Marin IJ: September 2, 2016

Endangered species to benefit from culvert project at Greenbrae marsh

Water flows through Creekside Marsh in Greenbrae. A new project will allow more water to flow from Corte Madera Creek into the marsh.
Water flows through Creekside Marsh in Greenbrae. A new project will allow more water to flow from Corte Madera Creek into the marsh. Alan Dep — Marin Independent Journal

A $539,590 project to boost tidal flow and enhance the habitat in Greenbrae marsh is set to launch next week.

The effort to improve the area at Hal Brown Park along Corte Madera Creek is “important for the health of the marsh,” said Christopher Bramham, superintendent of capital projects with Marin County Parks.

“The goal is to improve tidal exchange in and out of Creekside Marsh from Corte Madera creek so more wetland vegetation can expand into some of the low-lying areas that are now a bad soil where plants have difficulty growing,” he said.

Water flow should improve once the single 60-inch culvert, immediately upstream from the Bon Air Bridge, is replaced with three culverts of the same size.

Thompson Builders Corp., of Novato, is expected to begin construction on the culverts sometime next week, Bramham said.

Construction crews cannot begin until they have completed environmental training, he said. The project is expected to be finished in late October.

“It’s very exciting,” said Sandra Guldman, vice president of Friends of Corte Madera Creek Watershed, which helped push through the project and obtain grant funding. “When you put a lot of effort into planning, you hate to see the plans go belly-up or be dragged out. It’s very nice to actually do it.”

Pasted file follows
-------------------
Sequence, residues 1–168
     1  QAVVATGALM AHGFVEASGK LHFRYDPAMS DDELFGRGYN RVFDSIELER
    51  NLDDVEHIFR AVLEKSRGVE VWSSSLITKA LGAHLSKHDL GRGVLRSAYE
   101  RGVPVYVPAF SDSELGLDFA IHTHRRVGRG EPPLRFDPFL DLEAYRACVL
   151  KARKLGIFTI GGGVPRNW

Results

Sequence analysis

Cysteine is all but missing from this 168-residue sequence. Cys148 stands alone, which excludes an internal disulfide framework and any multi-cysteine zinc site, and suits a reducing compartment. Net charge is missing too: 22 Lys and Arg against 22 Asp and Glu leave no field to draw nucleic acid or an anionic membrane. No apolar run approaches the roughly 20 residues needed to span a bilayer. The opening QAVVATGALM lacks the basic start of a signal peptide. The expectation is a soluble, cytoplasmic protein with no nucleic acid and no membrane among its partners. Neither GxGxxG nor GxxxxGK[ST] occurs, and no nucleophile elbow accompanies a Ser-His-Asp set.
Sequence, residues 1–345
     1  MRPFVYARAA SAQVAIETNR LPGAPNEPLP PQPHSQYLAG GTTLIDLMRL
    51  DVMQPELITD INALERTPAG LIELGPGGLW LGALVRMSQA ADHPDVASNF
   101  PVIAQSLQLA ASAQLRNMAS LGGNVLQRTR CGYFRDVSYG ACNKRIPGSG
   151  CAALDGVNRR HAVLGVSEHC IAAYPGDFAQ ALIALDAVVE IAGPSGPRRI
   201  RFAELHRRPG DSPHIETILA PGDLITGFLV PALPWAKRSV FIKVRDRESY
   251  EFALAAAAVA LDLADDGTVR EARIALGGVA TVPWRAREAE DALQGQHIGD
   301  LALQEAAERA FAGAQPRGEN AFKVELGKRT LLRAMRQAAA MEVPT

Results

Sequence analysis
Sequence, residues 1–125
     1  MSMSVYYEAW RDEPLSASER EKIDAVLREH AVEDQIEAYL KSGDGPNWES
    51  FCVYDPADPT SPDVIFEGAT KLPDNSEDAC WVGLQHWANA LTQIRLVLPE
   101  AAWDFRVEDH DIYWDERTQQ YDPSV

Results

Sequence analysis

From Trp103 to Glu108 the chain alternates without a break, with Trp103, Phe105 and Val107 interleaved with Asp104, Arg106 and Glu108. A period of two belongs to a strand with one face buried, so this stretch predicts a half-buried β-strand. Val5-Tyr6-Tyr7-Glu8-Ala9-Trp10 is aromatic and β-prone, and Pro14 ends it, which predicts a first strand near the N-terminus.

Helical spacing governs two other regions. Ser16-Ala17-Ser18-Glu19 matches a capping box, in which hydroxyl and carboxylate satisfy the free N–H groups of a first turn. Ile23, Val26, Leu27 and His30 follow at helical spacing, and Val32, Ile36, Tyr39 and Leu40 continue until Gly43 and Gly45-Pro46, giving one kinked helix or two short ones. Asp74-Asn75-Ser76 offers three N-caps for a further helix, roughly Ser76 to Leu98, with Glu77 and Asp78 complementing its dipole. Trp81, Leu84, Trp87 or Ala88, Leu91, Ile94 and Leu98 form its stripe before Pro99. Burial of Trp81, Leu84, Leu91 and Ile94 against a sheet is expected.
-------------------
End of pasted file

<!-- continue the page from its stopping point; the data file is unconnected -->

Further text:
Increased tidal flow will enhance the marshlands by replacing its hard, gravelly soil —which does not support vegetation — with more fertile soil that can be replanted with native species.

The project also will benefit the species that inhabit the marshlands, including the Ridgeway’s rail and salt marsh harvest mouse, which are both listed on the federal endangered species list, according to Marin County Parks. Paths too close to habitat will be closed and replanted.

A portion of the pathway also will be repaved. A detour will be available, Bramham said.

“From the signal light on Bon Air Road, there’s a small pedestrian bridge you can take to Hal Brown Park,” he said. “We’re detouring users over the pedestrian bridge and along the bike path on Bon Air Road and then they can go on the street.”

The project is being financed by mitigation funds, grants and contributions from the Ross Valley Sanitary District, the California Regional Water Quality Control Board, Transportation Authority of Marin, Friends of Corte Madera Creek Watershed and Marin County Parks.